Department of Defense Education Activity

The Korea Experience "Why We're Here"

Those of us who have opted to teach abroad have usually arrived exuberantly at our destinations, and our ebullience (after having overcome shipboard lethargy or jet lag) has continued into our new assignments. There was undoubtedly a time, however, in our Korean experience, that our thoughts were sobered.

Our orientation tour to the Demilitarized Zone brought us to the very real consideration that this narrow line separates two opposing factions, and only thirty-five miles to the north of Seoul men and machines stand their posts to keep the fragile truce. Most of us learned with new awareness that the Korean War was never officially over, and our obligations here took on a bitter-sweet overtone. We had a new appreciation of the difficult circumstances of the parents of our children, and we tried to be more compassionate.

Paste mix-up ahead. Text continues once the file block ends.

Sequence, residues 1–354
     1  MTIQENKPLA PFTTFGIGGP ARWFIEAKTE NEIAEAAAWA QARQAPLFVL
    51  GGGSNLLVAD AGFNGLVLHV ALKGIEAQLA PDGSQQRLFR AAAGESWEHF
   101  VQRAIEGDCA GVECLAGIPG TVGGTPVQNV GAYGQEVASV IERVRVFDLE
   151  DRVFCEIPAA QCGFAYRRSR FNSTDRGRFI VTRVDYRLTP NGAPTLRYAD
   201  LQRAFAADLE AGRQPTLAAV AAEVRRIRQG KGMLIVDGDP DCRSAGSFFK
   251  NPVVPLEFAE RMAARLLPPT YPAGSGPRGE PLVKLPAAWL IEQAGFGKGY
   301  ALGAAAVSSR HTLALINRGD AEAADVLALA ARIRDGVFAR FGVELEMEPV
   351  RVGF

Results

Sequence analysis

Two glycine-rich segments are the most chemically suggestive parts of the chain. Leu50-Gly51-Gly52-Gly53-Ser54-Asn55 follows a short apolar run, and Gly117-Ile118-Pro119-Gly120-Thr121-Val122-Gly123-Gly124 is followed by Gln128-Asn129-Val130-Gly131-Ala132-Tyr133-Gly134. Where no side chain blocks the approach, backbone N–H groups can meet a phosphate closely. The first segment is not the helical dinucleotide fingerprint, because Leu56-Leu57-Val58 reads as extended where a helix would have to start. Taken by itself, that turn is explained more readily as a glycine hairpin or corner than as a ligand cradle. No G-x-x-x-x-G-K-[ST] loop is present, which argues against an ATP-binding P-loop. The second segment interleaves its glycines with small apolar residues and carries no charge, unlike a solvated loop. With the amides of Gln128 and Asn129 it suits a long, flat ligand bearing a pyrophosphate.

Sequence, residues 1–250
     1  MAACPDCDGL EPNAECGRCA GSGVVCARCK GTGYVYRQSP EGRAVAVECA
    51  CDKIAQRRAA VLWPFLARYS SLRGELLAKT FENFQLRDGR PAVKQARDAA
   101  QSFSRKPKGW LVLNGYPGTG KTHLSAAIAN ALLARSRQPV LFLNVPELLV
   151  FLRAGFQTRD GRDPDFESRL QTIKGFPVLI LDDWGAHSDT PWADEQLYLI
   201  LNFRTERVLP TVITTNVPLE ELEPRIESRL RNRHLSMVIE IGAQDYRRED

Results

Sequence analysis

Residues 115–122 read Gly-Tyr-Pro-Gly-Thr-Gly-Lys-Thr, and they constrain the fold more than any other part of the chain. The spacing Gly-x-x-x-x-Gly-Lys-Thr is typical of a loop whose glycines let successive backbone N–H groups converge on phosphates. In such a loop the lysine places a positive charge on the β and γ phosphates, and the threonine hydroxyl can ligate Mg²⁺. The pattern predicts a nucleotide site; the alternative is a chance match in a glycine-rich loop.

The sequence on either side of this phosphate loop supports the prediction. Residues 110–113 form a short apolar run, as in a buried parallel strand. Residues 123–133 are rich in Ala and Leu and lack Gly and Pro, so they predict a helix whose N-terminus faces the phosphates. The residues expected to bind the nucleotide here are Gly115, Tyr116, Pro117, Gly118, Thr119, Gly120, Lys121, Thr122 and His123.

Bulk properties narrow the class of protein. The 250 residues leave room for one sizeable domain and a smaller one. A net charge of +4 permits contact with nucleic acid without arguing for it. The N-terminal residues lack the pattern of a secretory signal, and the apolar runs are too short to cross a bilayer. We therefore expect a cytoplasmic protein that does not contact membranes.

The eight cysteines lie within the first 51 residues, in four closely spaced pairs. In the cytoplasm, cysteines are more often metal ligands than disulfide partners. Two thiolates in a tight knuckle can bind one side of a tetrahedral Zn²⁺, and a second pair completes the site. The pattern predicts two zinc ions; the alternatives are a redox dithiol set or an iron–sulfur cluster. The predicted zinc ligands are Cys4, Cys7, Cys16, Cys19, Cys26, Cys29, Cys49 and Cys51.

For some of us, our less-than-perfect sense of history had to be refreshed. We had to be reminded that when DODDS came to the Pacific Area in 1946, Japan had relinquished control of Korea at the end of World War II, and that the 38th Parallel became the separation of Soviet-supervised North and the United Nations' supervised South. Korea's brief moment of freedom had been almost immediately overshadowed by world politics, and a collision of wills would again, until 1959, preclude families of the military and embassy from dependent schools in this beautiful country.”

-Teachers Pat Dowling, Dolores Stone, and Arlene Monroe O'Brien – thoughts on an on a Command Orientation Tour, September 1968 (Source: DoDDS Pacific Region 1946-1986. Page 90)